A coalition of Republican senators is urging their colleagues to filibuster a same-sex marriage bill until an amendment is added protecting religious liberty.
The Nov. 17 letter from U.S. Sen. Mike Lee and 20 other GOP senators asserts that as written, the Respect for Marriage Act would lead to “more litigation” against institutions and individuals who believe marriage should be defined as the union of one man, one woman.
Lee is the sponsor of the religious liberty amendment, which was first covered in The Daily Signal.
“The undersigned ask that you oppose cloture on the Respect for Marriage Act unless the Lee amendment is added to the bill,” the letter says. “The free exercise of religion is absolutely essential to the health of our Republic. We must have the courage to protect it.”
The bill (H.R. 8404) would define in federal law marriage as a union “between 2 individuals” and officially repeal the 1996 Defense of Marriage Act, which defined marriage as the union of one man and one woman.
The letter is primarily aimed at Republicans whose support is necessary to break a filibuster. A total of 12 GOP senators voted to allow debate on the bill. Those senators were: Joni Ernst, Cynthia Lummis, Richard Burr, Roy Blunt, Mitt Romney, Shelley Moore Capito, Lisa Murkowski, Rob Portman, Dan Sullivan, Thom Tillis, Todd Young and Susan Collins.
The Supreme Court’s Obergefell v. Hodges same-sex marriage decision, the letter says, did not “create” a right to sue institutions and individuals who oppose same-sex marriage. But “the Respect for Marriage Act will.”
The letter quotes an oral argument exchange between Donald Verrilli – the solicitor general under President Obama – and Justice Samuel Alito – who voted in the minority against the federal legalization of same-sex marriage.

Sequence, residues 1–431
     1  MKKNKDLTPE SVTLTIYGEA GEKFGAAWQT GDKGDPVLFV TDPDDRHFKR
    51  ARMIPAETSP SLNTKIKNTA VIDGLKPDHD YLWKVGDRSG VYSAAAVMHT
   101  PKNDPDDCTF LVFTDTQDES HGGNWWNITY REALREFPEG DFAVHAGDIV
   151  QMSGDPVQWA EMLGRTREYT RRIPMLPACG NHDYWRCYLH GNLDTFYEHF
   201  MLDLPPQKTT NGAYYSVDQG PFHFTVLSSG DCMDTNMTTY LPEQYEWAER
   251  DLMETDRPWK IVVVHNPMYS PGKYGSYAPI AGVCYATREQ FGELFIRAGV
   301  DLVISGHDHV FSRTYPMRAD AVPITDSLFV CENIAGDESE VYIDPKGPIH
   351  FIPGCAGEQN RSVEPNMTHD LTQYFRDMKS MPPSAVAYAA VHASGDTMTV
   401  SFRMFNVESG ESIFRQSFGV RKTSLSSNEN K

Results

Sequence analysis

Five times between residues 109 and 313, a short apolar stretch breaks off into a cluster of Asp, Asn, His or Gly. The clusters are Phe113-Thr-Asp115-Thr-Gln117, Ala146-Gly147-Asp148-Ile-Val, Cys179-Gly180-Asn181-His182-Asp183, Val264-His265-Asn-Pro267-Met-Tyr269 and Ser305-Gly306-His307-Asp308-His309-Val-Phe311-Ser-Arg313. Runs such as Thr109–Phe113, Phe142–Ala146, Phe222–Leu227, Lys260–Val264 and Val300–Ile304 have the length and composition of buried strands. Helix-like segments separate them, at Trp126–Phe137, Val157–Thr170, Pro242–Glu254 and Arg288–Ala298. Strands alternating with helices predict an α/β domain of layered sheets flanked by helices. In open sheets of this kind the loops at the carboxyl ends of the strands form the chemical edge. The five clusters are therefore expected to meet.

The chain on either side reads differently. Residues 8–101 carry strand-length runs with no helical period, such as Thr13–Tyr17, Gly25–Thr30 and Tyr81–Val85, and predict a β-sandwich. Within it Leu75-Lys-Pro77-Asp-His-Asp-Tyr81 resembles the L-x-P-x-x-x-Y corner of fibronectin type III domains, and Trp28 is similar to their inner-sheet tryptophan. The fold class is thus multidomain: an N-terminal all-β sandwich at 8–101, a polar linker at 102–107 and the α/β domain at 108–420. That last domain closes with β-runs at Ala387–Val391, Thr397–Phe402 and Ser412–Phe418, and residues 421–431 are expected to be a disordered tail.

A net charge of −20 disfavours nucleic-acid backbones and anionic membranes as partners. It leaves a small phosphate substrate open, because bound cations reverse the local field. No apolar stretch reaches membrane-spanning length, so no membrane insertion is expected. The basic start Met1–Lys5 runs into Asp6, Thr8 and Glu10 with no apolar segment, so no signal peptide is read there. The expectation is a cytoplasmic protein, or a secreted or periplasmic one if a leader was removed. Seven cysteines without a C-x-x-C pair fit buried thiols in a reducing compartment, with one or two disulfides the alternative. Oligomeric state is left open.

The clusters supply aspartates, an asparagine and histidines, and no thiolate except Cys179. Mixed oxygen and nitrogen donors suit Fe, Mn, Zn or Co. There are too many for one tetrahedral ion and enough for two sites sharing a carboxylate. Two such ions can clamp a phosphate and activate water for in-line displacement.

“In response to Justice Alito asking whether … should states be required to recognize same-sex marriages, religious universities opposed to same-sex marriage would lose their tax-exempt status, General Verrilli replied, ‘… it’s certainly going to be an issue. I don’t deny that. I don’t deny that, Justice Alito, – it is going to be an issue,’” the letter says.
“Should Congress decide to codify Obergefell and protect same-sex marriages, we must do so in a way that also resolves the question posed by Justice Alito,” the letter says. “Instead of subjecting churches, religious nonprofits, and persons of conscience to undue scrutiny or punishment by the federal government because of their views on marriage, we should make explicitly clear that this legislation does not constitute a national policy endorsing a particular view of marriage that threatens the tax-exempt status of faith-based nonprofits. As we move forward, let us be sure to keep churches, religious charities, and religious universities out of litigation in the first instance. No American should face legal harassment or retaliation from the federal government for holding sincerely held religious beliefs or moral convictions.”
The Lee amendment would “ensure that federal bureaucrats do not take discriminatory actions against individuals, organizations, nonprofits, and other entities based on their sincerely held religious beliefs or moral convictions about marriage,” the letter says.
Photo courtesy: ©Getty Images/Marc Bruxelle/EyeEm
Michael Foust has covered the intersection of faith and news for 20 years. His stories have appeared in Baptist Press, Christianity Today, The Christian Post, the Leaf-Chronicle, the Toronto Star and the Knoxville News-Sentinel.